Raymond G. Schlienger, PhD, MPH; Marius E. Kraenzlin, MD; Susan S. Jick, DSc; Christoph R. Meier, PhD, MSc
Context Animal studies suggest that the -beta blocker propranolol increases bone formation, but data on whether use of beta blockers (with or without concomitant use of thiazide diuretics) is associated with reduced fracture risk in humans are limited.
Objective To determine whether use of beta blockers alone or in combination with thiazides is associated with a decreased risk of fracture in adults.
Design, Setting, and Participants Case-control analysis using the UK General Practice Research Database (GPRD). The study included 30 601 case patients aged 30 to 79 years with an incident fracture diagnosis between 1993 and 1999 and 120 819 controls, matched to cases on age, sex, calendar time, and general practice attended. Main Outcome Measures Odds ratios (ORs) of having a fracture in association with use of -blockers or a combination of -blockers with thiazides.
Results The most frequent fractures were of the hand/lower arm (n = 12 837 [42.0%]) and of the foot (n = 4627 [15.1%]). Compared with patients who did not use either -blockers or thiazide diuretics, the OR for current use of -blockers only (3 prescriptions) was 0.77 (95% confidence interval [CI], 0.72-0.83); for current use of thiazides only (3 prescriptions), 0.80 (95% CI, 0.74-0.86); and for combined current use of -blockers and thiazides, 0.71 (95% CI, 0.64-0.79). Data were adjusted for smoking; body mass index; number of practice visits; and use of calcium channel blockers, angiotensin-converting enzyme inhibitors, antipsychotics, antidepressants, statins, antiepileptics, benzodiazepines, corticosteroids, and estrogens.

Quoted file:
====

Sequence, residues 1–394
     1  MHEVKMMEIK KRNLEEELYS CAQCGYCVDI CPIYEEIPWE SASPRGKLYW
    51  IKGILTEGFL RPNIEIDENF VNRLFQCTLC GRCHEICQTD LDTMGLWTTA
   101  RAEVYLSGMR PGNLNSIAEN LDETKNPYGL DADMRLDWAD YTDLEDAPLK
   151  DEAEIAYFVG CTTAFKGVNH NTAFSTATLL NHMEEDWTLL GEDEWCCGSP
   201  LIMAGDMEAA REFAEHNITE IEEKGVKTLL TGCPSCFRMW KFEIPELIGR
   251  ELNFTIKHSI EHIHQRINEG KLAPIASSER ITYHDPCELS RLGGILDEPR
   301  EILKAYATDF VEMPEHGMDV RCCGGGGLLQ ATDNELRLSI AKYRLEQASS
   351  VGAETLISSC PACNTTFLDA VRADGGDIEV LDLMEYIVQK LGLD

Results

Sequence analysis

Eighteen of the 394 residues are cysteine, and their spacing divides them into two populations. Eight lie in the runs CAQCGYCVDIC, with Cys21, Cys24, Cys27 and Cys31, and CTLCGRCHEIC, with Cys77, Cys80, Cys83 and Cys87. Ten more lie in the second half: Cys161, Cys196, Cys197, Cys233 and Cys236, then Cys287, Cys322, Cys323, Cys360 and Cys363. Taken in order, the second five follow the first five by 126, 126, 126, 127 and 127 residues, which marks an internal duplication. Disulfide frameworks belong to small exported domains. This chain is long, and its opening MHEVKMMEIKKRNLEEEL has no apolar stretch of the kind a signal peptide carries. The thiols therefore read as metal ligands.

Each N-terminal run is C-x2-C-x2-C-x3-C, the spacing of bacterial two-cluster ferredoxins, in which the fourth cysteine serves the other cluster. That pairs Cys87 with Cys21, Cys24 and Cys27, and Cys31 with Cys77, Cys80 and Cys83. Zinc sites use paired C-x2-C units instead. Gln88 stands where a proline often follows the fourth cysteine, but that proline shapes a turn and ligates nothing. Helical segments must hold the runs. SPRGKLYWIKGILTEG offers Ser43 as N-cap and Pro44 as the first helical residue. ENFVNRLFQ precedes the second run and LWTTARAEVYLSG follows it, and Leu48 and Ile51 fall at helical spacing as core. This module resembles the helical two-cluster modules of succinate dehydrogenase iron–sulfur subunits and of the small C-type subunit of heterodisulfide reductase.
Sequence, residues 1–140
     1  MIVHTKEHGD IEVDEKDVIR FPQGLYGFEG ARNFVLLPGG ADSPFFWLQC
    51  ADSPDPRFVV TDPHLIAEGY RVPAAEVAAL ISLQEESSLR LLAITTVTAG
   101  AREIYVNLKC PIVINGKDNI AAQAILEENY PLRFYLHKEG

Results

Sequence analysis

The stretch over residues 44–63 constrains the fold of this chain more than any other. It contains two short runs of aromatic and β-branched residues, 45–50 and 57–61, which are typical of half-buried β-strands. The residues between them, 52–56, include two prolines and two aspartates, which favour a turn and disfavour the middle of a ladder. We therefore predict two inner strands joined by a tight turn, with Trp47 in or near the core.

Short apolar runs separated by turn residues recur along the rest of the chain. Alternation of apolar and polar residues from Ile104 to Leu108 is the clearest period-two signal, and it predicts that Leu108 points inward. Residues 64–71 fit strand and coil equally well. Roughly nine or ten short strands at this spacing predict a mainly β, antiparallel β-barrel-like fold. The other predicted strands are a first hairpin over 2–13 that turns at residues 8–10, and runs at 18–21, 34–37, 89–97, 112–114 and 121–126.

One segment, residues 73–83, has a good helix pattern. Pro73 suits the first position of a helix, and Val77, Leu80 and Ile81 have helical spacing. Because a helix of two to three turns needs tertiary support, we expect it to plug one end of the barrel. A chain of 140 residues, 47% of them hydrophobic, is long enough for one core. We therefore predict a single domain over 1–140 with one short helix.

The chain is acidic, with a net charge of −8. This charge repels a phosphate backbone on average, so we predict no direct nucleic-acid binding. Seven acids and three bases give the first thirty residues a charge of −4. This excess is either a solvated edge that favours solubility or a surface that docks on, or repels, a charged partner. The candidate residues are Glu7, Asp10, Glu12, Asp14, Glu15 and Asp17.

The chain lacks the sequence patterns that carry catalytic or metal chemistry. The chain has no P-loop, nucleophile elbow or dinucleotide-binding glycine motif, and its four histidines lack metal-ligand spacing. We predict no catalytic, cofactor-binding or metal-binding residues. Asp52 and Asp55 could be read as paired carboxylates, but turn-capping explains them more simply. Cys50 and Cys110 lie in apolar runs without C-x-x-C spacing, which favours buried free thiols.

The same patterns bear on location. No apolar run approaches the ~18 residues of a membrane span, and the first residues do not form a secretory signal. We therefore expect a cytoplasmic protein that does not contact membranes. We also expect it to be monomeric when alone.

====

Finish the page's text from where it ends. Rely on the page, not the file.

Conclusions Our data suggest that current use of -blockers is associated with a reduced risk of fractures, taken alone as well as in combination with thiazide diuretics. Many elderly patients with hypertension who are at risk of developing osteoporosis may potentially benefit from combined therapy with -blockers and thiazides.